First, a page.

n6 As noted, McLean-Behm argues lack of knowledge of the violative conditions. However, it was established that one of the two employees on the third level was a McLean-Behm foreman. His knowledge of the violative conditions establishes that the subcontractor had knowledge of the violative conditions. See Minnotte Contracting & Erection Corp., 78 OSAHRC 15/D4, 6 BNA OSHC 1370, 1371, 1978 CCH OSHD para. 22,551 (No. 15919, 1978) and cases cited therein. Furthermore, as McLean-Behm points out, it was the usual practice for McLean-Behm's employees to begin work on a floor before perimeter protection was erected. Thus, McLean-Behm should have known a similar situation would occur here.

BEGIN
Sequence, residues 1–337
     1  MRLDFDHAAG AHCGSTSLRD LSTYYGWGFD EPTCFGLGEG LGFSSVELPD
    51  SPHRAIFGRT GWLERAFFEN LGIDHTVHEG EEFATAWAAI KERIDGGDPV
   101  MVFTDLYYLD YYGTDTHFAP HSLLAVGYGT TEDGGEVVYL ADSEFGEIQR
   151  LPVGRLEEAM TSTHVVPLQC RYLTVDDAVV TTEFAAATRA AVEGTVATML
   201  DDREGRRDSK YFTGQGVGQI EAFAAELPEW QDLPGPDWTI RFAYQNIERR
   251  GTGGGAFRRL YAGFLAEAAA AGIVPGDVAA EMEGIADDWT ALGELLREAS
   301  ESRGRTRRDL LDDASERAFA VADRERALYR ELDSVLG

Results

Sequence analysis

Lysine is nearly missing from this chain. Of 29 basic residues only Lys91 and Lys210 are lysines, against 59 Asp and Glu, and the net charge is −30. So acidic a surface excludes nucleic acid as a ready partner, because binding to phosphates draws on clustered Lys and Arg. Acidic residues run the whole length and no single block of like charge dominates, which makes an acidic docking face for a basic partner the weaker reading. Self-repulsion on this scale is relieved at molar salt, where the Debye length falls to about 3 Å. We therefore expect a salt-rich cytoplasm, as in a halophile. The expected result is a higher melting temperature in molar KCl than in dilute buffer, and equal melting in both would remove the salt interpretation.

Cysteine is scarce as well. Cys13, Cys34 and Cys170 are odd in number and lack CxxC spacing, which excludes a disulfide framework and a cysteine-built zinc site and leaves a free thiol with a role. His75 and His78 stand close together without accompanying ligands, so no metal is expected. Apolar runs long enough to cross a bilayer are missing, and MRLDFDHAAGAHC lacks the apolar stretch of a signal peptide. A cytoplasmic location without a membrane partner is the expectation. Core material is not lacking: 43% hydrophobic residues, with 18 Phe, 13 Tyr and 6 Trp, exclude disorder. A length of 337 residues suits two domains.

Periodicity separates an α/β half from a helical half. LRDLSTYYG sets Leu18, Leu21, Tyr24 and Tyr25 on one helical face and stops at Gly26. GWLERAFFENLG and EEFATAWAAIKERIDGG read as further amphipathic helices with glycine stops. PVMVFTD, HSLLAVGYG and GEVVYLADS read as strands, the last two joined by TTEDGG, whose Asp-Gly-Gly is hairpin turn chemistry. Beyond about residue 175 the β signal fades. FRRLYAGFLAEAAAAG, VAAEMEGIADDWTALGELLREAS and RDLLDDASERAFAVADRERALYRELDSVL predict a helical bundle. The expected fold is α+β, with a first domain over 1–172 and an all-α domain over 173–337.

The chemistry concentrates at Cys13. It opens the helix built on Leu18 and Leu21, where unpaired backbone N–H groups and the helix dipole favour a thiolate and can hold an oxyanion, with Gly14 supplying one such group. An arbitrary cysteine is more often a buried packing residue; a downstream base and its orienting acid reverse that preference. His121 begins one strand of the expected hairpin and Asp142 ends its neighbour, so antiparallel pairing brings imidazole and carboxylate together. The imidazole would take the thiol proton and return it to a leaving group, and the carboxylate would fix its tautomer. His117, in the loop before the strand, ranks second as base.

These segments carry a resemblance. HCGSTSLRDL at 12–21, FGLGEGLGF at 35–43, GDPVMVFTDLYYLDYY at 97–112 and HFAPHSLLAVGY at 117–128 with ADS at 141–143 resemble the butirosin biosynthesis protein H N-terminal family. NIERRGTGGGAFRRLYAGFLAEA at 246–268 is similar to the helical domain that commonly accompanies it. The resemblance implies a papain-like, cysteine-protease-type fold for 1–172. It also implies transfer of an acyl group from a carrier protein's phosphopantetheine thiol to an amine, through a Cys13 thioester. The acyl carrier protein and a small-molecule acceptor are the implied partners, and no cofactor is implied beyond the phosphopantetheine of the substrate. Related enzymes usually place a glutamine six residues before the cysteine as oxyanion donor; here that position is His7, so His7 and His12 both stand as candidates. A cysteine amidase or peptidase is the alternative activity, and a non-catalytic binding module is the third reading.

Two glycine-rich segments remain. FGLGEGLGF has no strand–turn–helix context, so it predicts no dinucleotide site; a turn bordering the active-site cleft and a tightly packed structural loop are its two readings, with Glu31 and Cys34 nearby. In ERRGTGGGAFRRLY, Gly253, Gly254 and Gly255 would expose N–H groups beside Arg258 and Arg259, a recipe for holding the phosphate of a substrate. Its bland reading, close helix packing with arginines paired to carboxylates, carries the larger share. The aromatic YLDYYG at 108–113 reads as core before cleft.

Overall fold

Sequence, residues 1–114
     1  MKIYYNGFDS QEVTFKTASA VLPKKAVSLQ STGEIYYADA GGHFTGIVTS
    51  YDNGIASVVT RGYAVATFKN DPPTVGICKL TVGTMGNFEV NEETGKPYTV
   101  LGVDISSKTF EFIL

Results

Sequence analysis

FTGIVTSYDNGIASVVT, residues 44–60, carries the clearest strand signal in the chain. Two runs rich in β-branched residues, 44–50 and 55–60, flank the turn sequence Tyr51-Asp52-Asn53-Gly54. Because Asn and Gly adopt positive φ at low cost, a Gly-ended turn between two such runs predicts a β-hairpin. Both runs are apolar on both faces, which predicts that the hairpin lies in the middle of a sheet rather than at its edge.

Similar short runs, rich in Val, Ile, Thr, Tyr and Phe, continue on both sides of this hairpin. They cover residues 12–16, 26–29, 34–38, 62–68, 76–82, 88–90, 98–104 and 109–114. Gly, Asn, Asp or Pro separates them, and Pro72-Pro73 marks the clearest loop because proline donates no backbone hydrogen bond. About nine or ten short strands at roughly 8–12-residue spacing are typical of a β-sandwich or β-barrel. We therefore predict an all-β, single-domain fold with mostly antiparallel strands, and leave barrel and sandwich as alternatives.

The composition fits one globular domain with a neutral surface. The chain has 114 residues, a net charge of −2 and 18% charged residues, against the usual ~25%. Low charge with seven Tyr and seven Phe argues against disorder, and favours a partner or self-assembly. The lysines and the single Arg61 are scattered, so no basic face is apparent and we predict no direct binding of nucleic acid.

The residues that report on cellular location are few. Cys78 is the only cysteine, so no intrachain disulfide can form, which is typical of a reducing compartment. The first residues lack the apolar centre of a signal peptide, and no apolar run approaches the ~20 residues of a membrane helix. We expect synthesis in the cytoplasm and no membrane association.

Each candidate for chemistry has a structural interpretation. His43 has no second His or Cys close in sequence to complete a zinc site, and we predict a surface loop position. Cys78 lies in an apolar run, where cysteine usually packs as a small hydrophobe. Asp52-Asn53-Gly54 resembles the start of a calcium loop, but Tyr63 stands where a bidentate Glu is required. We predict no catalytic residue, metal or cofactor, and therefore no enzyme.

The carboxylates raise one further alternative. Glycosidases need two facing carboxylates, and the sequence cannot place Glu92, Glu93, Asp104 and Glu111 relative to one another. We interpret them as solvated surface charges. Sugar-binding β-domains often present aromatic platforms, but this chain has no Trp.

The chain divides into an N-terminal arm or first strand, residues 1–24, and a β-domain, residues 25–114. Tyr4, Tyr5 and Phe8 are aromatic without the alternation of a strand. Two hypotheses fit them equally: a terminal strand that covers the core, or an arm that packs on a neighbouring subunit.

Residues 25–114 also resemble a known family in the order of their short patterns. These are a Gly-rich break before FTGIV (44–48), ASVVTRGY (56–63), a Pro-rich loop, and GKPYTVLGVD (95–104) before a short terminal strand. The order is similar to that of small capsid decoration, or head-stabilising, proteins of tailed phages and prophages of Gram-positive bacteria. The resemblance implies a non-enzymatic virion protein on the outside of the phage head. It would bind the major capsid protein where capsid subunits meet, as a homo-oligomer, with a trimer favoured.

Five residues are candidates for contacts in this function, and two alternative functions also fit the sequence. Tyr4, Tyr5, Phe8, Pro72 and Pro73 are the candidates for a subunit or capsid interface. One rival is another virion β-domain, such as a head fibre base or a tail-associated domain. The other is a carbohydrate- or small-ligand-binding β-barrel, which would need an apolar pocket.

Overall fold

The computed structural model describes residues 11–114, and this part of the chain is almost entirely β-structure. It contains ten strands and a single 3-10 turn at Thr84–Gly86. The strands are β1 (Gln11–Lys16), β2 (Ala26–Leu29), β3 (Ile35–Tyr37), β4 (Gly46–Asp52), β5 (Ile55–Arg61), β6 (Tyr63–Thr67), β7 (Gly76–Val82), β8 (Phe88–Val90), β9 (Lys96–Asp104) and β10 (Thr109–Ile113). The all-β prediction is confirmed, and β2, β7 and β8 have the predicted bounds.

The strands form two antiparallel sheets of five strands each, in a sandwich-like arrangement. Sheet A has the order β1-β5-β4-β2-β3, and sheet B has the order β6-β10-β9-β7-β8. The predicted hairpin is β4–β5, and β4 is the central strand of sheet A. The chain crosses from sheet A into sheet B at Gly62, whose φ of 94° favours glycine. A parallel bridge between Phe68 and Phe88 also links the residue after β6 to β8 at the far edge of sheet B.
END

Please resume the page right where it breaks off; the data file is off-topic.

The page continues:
n7 The Secretary also argues on review that McLean-Behm could have placed sawhorses, barrels, metal posts connected by chains or similar barriers around the unguarded floor edges and opening as an alternate means of protection. However there is no record evidence with respect to any of these devices. The Secretary neither suggested these alternative means of protection at the hearing nor did Respondent defend against them. In any event, we need not decide whether such barriers constitute an alternate means of employee protection, as we hold that McLean-Behm's defense fails on other grounds.